Just in time to put a damper over the NCAA Final Four, PBS’ “Frontline” and HBO’s “Real Sports” both weighed in this week on the issue of big-time college athletics and the fact that while the NCAA and universities are raking in money, the players aren’t compensated other than books and tuition.
I devoted my Foxsports.com column to the “Frontline” segment by Lowell Bergman, which aired March 29, and now I’ve had a chance to see “Real Sports'” hour, which premieres March 30. On either front, the take-away doesn’t look good for the NCAA.
Notably, both programs interview Ed O’Bannon, the former UCLA All-American who has become the plaintiff in a class-action lawsuit against the NCAA, filed by former players seeking compensation for their services. In O’Bannon’s case, the wake-up call came when he saw his likeness used in an NCAA videogame for which he hadn’t received a penny.
Hosted by Bryant Gumbel, “Real Sports” featured two taped pieces — one on the failure to pay players; the other on ways to game and skirt the existing system — as well as a round-table discussion about these issues. (Interestingly, the NCAA president sat for an interview with “Frontline,” but “Real Sports” claims the organization declined an interview request.)
All the usual elements are discussed: Terrible graduation rates. Laughter at the term “student-athlete.” Players getting paid under the table. Recruits being handed cash (Auburn is singled out for its “money handshakes”) and offered sex as inducements to sign. “I knew I was only there to play football,” says one former lineman, while former Texas basketball coach Tom Penders says that the recruiting process is like “walking through a sewer.”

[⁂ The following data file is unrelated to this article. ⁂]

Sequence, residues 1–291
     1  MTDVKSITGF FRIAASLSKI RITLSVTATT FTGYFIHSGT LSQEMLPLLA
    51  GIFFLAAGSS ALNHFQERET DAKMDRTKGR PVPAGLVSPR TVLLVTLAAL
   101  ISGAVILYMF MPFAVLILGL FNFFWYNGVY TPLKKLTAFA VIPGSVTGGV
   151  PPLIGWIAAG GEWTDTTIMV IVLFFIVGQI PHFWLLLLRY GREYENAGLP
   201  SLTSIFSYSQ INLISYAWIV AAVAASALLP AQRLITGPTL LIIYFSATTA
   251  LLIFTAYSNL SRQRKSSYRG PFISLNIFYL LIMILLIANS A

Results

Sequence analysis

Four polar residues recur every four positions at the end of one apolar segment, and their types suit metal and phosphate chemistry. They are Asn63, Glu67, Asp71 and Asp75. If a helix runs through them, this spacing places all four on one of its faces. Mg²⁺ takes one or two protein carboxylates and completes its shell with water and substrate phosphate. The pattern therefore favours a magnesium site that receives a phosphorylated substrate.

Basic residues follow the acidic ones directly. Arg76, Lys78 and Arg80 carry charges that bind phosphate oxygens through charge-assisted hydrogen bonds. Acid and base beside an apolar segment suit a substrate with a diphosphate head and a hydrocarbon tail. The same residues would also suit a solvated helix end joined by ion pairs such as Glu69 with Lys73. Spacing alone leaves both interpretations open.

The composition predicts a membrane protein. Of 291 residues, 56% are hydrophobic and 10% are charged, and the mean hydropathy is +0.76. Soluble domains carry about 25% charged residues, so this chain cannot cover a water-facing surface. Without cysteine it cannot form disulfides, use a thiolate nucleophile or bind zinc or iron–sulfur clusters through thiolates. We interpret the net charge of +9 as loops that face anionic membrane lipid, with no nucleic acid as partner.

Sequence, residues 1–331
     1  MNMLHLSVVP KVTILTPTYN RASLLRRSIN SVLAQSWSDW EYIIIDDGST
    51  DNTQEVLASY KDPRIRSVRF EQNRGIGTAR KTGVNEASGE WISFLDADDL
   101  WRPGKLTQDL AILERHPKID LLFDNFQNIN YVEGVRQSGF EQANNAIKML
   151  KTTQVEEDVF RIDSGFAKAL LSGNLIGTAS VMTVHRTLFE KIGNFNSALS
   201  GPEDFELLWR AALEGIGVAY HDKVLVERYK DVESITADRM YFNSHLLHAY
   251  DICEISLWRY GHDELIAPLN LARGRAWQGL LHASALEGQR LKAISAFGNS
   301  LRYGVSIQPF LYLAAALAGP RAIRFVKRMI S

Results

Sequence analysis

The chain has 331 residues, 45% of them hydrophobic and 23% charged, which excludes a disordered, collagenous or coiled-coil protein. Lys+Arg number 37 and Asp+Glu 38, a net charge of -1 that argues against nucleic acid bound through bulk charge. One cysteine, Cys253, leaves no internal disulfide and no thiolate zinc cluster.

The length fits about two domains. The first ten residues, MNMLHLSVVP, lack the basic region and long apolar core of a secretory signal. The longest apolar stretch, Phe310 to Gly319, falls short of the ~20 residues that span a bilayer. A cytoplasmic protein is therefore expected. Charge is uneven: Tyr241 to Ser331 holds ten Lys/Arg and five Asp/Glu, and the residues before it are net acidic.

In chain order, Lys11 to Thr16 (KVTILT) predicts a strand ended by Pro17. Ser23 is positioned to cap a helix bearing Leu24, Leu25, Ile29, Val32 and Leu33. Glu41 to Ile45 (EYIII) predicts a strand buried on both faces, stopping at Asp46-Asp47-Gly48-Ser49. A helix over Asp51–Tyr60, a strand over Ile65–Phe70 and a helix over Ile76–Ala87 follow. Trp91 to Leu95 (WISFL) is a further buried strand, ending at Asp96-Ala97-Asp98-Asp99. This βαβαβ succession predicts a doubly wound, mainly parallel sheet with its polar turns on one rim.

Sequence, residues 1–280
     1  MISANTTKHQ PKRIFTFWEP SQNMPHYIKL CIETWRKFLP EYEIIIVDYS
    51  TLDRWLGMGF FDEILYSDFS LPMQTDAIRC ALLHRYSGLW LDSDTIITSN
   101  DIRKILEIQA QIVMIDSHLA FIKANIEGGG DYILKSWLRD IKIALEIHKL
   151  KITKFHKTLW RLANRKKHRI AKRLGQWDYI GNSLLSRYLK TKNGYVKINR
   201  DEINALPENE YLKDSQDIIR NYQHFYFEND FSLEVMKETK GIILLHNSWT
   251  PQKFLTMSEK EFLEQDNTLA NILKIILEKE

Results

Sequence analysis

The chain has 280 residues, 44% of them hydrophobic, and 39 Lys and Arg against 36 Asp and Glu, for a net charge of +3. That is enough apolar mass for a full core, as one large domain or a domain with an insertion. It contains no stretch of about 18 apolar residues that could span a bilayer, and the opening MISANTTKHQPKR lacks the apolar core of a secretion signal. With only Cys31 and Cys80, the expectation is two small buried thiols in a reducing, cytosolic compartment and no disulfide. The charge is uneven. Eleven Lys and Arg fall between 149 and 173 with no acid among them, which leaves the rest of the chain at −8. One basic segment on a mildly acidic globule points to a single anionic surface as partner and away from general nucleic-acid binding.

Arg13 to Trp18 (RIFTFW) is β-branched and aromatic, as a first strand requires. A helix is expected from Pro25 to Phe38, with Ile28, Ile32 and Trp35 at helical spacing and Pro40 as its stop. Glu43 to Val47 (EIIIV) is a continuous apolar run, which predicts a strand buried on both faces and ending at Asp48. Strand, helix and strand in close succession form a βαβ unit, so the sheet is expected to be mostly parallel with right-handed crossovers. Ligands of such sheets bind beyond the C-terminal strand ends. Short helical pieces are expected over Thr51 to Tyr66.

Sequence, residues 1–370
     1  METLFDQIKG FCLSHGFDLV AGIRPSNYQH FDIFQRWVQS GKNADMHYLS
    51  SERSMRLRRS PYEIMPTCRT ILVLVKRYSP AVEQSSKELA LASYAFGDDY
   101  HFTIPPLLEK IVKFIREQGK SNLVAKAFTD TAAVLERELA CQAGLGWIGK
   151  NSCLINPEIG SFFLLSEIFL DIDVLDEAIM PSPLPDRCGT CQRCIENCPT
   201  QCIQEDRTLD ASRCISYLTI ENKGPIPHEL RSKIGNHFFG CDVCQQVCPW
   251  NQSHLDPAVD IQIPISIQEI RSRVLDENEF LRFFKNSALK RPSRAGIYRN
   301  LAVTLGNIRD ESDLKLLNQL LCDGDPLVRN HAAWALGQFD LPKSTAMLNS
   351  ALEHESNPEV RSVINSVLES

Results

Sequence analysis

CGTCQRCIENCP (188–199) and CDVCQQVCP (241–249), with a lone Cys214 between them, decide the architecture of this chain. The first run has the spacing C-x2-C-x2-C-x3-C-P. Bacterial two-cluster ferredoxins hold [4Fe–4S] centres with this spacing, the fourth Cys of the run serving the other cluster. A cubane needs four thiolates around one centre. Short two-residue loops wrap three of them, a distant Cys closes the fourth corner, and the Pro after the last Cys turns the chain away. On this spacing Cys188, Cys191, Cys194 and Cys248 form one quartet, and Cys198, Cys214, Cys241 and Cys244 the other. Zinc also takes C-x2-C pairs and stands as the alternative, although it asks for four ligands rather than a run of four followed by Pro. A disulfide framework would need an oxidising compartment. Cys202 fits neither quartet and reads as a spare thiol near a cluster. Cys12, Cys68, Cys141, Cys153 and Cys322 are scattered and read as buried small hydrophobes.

During the discussion, Billy Packer immediately states that the piece misrepresented collegiate athletics, and that paying athletes is simply impossible because you’d have to pay every athlete, including those in non-revenue sports. Foxsports.com columnist Jason Whitlock, however, calls the system “corrupt,” saying that kids who often aren’t accomplished students are essentially being compensated with something they can’t really use: Scholarships.
Gumbel doesn’t pretend to be impartial, saying the college presidents are “making money on the backs of these kids.” That said, there’s no simple solution to the problem without completely blowing up the existing template, and HBO’s examination doesn’t really come any closer to providing one.
As I stated in the Fox piece, though, there is one telling aspect to these two reports: Both come from networks that aren’t involved in a massive rights deal with the NCAA, NFL or NBA. It’s hard to imagine CBS News wanted to wade in right before its big party. “The media is in bed with the NCAA, protecting that institution,” Whitlock says.
Typically, when the money is flowing in all directions, there’s little threat of derailing such an elaborate and lucrative industry. But in this case, one key contingent isn’t sharing in the wealth.
Could that result in wholesale change? Doubtful. But if I were at ESPN, CBS or any other network with a big investment in college sports, I’d keep an eye on that O’Bannon lawsuit.